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Cochrane Database Syst Rev. 2002;(1):CD002996.

Inhaled hyperosmolar agents for bronchiectasis.

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1
Dept of Respiratory Medicine, Hillingdon Hospital, Pield Heath Road, Uxbridge, Middlesex, UK, UB8 3NN.

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Abstract

BACKGROUND:

Mucus retention in the lungs is a prominent feature of bronchiectasis. The stagnant mucus becomes chronically colonised with bacteria, which elicit a host neutrophilic response. This fails to eliminate the bacteria, and the large concentration of host-derived protease may contribute to the airway damage. The sensation of retained mucus is itself a cause of suffering, and the failure to maintain airway sterility probably contributes to the frequent respiratory infections experienced by many patients. Hypertonic saline inhalation is known to accelerate tracheobronchial clearance in many conditions, probably by inducing a liquid flux into the airway surface, which alters mucus rheology in a way favourable to mucociliary clearance. Inhaled dry powder mannitol has a similar effect. Such agents are an attractive approach to the problem of mucostasis, and deserve further clinical evaluation.

OBJECTIVES:

To determine whether inhaled hyperosmolar substances are efficacious in the treatment of bronchiectasis

SEARCH STRATEGY:

MEDLINE and Cochrane databases were searched, and leaders in the field contacted.

SELECTION CRITERIA:

Any trial using hyperosmolar inhalation in patients with bronchiectasis not caused by cystic fibrosis.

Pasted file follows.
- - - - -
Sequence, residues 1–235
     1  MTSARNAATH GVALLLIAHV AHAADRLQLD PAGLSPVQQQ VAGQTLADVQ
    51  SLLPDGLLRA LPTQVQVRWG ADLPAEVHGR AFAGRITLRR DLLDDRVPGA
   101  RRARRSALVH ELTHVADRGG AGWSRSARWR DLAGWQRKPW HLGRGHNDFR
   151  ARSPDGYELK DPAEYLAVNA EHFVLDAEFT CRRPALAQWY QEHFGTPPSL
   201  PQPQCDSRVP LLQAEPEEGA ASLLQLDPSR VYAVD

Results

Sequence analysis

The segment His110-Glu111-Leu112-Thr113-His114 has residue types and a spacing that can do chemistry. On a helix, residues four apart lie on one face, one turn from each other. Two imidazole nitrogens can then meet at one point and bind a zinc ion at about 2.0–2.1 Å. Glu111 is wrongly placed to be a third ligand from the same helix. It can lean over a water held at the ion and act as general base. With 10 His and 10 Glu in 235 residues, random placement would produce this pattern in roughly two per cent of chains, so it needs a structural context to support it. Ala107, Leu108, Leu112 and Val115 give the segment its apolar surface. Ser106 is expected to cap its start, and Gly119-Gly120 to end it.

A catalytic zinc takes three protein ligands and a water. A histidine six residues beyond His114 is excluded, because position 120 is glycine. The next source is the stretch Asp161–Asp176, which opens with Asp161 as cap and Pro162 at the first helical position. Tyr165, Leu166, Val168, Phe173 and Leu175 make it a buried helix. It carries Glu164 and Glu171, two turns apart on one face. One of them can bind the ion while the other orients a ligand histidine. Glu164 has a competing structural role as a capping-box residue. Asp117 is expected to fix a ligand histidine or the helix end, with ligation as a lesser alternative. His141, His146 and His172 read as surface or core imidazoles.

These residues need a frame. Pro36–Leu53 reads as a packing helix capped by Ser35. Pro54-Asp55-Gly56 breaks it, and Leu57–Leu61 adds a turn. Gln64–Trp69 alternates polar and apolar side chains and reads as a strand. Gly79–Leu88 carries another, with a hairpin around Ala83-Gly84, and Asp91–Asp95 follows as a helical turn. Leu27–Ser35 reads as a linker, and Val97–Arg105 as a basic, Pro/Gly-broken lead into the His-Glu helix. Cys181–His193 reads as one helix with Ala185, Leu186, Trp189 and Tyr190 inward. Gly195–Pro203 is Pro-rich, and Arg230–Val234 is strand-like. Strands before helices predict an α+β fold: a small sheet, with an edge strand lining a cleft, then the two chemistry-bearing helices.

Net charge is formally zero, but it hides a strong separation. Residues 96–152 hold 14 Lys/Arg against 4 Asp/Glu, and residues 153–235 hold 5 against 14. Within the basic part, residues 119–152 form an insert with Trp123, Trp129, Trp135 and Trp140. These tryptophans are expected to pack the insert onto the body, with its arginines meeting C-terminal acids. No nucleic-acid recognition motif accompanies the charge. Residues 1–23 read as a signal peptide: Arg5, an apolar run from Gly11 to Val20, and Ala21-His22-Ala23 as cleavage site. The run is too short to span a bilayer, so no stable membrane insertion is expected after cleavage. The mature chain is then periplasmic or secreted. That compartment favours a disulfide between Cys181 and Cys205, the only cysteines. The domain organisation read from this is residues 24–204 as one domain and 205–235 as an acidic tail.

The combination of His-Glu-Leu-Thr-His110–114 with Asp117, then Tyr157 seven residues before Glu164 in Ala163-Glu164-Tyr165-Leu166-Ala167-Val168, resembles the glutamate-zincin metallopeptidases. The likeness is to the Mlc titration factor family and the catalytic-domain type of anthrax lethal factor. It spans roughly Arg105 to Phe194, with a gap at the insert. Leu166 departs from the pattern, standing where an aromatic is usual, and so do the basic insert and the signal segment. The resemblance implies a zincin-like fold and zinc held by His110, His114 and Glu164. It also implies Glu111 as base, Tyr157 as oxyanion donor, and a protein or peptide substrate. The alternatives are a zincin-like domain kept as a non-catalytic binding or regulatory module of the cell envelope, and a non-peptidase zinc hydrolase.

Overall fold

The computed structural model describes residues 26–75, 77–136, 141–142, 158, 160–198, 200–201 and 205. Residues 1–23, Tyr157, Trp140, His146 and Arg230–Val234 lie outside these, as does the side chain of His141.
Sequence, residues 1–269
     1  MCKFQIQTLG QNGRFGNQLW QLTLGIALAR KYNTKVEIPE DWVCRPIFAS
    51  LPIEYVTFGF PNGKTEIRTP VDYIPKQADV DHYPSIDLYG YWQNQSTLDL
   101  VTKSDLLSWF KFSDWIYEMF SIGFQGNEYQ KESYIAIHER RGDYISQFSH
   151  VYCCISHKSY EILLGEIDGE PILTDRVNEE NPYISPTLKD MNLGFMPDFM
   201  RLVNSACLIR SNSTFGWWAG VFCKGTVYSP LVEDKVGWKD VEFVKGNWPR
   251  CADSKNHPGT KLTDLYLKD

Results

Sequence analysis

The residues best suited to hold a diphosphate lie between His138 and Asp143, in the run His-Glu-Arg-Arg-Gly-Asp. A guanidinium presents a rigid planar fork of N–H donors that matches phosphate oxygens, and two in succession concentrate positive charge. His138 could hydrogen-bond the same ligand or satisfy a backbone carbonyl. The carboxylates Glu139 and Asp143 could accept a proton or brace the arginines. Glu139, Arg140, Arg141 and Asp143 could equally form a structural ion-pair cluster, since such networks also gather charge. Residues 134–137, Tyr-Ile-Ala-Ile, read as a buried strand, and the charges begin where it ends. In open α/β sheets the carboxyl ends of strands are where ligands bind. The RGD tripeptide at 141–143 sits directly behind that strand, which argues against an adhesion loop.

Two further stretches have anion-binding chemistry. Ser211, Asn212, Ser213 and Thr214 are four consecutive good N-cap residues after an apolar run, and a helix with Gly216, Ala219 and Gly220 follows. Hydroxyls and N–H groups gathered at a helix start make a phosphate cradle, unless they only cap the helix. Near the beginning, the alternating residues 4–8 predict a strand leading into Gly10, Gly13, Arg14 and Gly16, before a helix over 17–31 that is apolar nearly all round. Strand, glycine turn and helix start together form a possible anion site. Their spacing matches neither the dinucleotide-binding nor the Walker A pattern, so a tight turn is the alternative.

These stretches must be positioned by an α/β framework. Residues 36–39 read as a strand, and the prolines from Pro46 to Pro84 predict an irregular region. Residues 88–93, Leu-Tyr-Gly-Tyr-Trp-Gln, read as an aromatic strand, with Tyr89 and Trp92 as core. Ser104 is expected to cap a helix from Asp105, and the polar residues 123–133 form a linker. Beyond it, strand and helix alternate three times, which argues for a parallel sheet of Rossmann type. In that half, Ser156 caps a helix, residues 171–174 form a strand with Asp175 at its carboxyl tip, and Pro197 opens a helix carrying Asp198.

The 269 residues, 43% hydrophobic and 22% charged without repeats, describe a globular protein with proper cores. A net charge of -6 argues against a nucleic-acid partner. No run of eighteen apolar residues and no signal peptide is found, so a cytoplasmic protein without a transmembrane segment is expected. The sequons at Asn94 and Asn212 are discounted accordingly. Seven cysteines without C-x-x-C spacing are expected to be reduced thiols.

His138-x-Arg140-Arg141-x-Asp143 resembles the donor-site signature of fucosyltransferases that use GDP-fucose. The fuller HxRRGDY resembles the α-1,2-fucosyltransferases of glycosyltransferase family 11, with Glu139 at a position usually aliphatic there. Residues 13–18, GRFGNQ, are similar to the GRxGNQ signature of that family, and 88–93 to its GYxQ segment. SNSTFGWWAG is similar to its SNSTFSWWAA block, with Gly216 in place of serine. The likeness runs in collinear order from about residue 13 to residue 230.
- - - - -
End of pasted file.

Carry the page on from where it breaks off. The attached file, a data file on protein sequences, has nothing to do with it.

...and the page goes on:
DATA COLLECTION AND ANALYSIS:

One reference were identified by the searches conducted.

MAIN RESULTS:

Only one trial was identified, a crossover study of 11 patients with bronchiectasis. The outcome measure was tracheobronchial clearance of a particulate radioaerosol after inhalation of dry mannitol on a single occasion, with appropriate controls. Airway clearance doubled in the central and intermediate regions of the lung, but not in the peripheral region, after mannitol administration. No side effects were observed, but two patients were premedicated with nedocromil to prevent bronchospasm. A further search conducted in September 2001 did not identify any further studies.

REVIEWER'S CONCLUSIONS:

Dry powder mannitol has been shown to improve tracheobronchial clearance in bronchiectasis, as well as cystic fibrosis, asthmatics, and normal subjects. It is not yet available for clinical use. Hypertonic saline has not been specifically tested in bronchiectasis, but improve clearance in these other conditions and in chronic bronchitis. Longer term randomised controlled studies of mannitol and hypertonic saline with clinical endpoints are now needed.

Update of

PMID:
11869647
DOI:
10.1002/14651858.CD002996
[Indexed for MEDLINE]

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